Luke tells me “While learning to dive there were a few skills in the pool that were challenging for me, but with some practice and some alternative thinking I was able to master them. Walking and balancing fully suited with a tank on my back is my main enemy due to my lack of balance. When entering the water from a boat, I just perform a back roll, no giant strides for me! If it’s from shore, I will typically get help with my gear, and put it on once in the water. My wife is a Divemaster with lots of diving experience, so I’m always in good hands with my dive buddy.”

He concludes, “Getting PADI certified has been one of my biggest physical accomplishments I’ve tackled with CP – and something I’m very proud of. I’d love for someone else with CP to read this and use it as motivation to help them realise that diving could be possible for them as well.”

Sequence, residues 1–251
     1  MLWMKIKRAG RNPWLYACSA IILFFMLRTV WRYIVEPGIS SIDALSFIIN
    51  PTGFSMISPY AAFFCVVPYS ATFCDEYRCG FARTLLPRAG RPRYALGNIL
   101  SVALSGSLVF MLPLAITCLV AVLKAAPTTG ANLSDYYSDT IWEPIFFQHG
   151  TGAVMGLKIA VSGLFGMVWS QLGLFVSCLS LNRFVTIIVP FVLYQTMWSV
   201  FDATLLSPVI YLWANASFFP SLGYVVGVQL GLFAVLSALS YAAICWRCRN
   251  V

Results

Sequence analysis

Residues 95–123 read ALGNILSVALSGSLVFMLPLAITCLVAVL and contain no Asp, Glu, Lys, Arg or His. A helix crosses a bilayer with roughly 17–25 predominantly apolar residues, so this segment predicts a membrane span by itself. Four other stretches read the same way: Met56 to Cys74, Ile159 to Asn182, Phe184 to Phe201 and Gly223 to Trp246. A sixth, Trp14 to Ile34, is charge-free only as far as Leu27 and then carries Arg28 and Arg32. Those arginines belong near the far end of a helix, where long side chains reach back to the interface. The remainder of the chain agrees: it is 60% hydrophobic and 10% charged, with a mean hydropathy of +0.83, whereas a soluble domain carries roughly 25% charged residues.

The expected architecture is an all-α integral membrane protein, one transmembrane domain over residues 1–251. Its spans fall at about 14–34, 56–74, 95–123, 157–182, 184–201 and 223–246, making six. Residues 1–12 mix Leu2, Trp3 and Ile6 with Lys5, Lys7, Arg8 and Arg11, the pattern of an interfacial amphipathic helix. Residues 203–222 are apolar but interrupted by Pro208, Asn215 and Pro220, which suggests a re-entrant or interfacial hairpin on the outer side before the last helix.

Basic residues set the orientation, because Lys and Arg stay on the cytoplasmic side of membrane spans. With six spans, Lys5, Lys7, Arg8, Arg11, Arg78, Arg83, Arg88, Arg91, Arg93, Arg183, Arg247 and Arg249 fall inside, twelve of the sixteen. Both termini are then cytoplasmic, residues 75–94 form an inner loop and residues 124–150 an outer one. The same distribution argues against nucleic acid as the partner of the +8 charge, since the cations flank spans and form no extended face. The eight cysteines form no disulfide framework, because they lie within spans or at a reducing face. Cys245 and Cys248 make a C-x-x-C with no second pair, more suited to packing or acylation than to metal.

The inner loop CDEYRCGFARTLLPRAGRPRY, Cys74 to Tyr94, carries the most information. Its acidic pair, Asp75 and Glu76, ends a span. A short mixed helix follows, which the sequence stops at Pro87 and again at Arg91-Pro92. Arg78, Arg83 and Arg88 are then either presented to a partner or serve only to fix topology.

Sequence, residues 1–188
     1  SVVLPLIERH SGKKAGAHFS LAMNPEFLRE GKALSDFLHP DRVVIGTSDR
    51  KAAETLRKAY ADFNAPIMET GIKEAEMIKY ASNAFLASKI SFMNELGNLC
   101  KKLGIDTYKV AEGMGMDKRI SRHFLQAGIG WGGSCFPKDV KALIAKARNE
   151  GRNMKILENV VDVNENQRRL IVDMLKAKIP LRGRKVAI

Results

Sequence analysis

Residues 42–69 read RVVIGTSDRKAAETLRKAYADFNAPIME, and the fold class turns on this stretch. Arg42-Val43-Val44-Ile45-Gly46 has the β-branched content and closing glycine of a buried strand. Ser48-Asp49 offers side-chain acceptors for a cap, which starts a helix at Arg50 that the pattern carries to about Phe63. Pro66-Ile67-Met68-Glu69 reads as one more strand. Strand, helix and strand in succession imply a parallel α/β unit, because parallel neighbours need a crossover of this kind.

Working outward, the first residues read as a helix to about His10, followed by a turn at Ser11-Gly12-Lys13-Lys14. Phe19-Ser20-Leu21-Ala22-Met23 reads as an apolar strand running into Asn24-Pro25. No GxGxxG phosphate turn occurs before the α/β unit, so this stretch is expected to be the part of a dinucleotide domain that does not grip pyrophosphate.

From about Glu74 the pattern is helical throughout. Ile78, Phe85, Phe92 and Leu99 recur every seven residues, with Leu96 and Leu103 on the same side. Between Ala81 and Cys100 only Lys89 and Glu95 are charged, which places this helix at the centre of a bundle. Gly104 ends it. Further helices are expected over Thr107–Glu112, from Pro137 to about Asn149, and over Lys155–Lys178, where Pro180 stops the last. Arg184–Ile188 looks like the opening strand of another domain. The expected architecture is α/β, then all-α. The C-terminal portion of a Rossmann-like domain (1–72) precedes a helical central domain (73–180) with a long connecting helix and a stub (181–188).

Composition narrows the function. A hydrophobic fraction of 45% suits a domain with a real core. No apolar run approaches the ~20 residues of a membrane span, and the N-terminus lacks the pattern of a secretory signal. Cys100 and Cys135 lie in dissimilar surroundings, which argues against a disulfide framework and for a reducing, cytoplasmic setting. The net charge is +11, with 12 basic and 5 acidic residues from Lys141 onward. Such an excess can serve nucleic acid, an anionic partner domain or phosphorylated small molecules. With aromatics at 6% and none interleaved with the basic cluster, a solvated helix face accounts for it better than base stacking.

Around the world there are many organisations and individuals striving to make diving accessible to everyone whatever their level of ability. In November 2017, PADI launched a new pro-level specialty: The PADI Adaptive Techniques Specialty course. This program provides PADI Professionals and Divers with additional tools to help students of varied abilities meet course performance requirements. PADI’s Adaptive Techniques Specialty does not create a new set of standards for existing PADI programs. Instead, instructors and divers learn how a simple technique change can allow many divers to meet performance requirements and earn a PADI certification.

PADI IDC Staff Instructor, Syed Abd Rahman who is a member of PADI’s advisory group which helped develop the PADI Adaptive Techniques Specialty course, explains how every PADI Pro can benefit from learning adaptive techniques.